Are We Good Enough Yet? Azia Archer's Exploration of the Mind, Body and Love

Azia Archer’s chapbook, Atoms and Evers is a journey through the vagaries of love, loss and whatever hangs between. Reading these poems, I felt an energy----they are fast paced, and one imagines the speaker of these poems breathless, animated, delicate hand on chest and hopeful even when doubting her very existence---“What is this skin I’m in? Whose hands?”

Archer’s words of full of life blood, the kind of emotion that feels at once visceral and by turns very far away, almost other worldly. The narrator is grounded, but also hard to hold down and seems to exist everywhere and nowhere at all:

I am

a quiet moon

and the stars

are my barrettes.

I brush my hair

with spaceships

These poems exhibit the uncomfortable preoccupation most women have with the bodies that we inhabit---bodies that often do not please us, do not serve us well---and bodies we fear will not and do not serve those we love, either. These are poems that ask questions, that some of us will feel intimately as though we will know the answers to. We understand when the voice in the poem that asserts, in parentheticals, no less:

(I am wishing for less body.)

(I am too much body.)


I explode.

I weep.

Am I pretty yet?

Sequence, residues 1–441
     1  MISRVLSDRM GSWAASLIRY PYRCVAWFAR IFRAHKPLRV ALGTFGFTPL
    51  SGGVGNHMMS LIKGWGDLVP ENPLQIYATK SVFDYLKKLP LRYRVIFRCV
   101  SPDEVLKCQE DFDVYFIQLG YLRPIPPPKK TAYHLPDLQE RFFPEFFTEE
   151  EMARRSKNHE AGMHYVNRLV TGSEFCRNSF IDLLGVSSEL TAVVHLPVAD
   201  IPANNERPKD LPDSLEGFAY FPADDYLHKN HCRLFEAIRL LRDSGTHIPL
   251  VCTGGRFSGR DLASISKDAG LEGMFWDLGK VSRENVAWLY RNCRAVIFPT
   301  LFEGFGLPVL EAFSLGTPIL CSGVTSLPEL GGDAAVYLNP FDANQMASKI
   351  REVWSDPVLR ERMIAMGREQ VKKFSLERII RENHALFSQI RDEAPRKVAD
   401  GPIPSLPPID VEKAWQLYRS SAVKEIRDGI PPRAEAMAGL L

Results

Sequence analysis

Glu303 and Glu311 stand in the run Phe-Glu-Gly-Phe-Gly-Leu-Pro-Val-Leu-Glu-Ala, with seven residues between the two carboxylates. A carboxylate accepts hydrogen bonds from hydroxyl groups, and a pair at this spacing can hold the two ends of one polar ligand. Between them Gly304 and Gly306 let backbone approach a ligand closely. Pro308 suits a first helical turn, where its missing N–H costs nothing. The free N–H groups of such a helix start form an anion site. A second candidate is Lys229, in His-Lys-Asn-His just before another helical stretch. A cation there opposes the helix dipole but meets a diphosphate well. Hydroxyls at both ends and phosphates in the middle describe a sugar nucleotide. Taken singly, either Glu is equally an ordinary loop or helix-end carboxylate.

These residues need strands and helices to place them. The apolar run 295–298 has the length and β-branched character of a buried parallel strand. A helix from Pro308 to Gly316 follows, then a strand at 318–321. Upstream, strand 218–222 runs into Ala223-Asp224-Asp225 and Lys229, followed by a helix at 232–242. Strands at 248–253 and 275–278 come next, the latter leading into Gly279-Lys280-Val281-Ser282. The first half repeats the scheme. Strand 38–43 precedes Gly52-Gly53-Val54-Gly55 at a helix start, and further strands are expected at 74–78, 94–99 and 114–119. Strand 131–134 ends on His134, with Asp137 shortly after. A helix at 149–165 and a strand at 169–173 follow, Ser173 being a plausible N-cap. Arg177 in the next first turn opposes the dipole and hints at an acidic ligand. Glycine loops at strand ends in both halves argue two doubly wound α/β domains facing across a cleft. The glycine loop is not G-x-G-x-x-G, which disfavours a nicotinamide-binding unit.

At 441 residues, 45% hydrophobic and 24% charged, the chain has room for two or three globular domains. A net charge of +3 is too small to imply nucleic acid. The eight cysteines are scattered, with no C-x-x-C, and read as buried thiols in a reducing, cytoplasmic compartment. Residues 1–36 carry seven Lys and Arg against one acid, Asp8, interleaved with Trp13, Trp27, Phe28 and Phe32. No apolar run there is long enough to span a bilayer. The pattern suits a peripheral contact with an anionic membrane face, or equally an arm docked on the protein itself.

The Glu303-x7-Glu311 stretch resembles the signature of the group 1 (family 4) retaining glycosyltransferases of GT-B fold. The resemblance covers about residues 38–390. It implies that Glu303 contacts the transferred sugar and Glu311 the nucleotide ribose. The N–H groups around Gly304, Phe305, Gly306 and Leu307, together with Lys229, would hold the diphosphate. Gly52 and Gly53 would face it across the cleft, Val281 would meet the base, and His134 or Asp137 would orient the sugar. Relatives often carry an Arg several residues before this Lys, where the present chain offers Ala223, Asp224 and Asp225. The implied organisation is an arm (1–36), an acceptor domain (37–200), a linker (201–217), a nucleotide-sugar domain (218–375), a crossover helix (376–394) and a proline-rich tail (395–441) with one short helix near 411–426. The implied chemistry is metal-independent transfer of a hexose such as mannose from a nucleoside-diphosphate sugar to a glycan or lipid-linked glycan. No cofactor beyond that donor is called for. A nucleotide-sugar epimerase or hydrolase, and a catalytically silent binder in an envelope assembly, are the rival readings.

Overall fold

Blood , teeth, lips, warm spaces , tongues, flames, aching thighs, I love you’s inhabit the framework of each poem, and we , the readers, are privy to painful moments of longing, but longing that is acutely tuned in to extreme highs and lows of attraction , and what makes love stay:

I’m passing through you know.

I don’t want to pass through you now.

These poems are at once thrilling, full of energy and seemingly deeply wrought from what we have as women in the world to offer ourselves, another and each other. Archer’s poems are full of images that are at once fantastical, but wholly relatable and words that resonate. Time is fluid, desire is a flame that both flickers and shines brightly at the same time, and “each breath is the moon pulling me closer to you.”

The definitions that punctuate this fantastic collection are startling markers into new emotions, such as “Mask,” “Atom,” and “Whole,” but the most poignant, in my humble opinion is “Regret: The inability to travel back in time.” Archer’s poems bring us back and forth emotionally, leaving us all better for the ride.

Atoms and Evers

By Azia Archer

Dancing Girl Press, 2017

40 pages.

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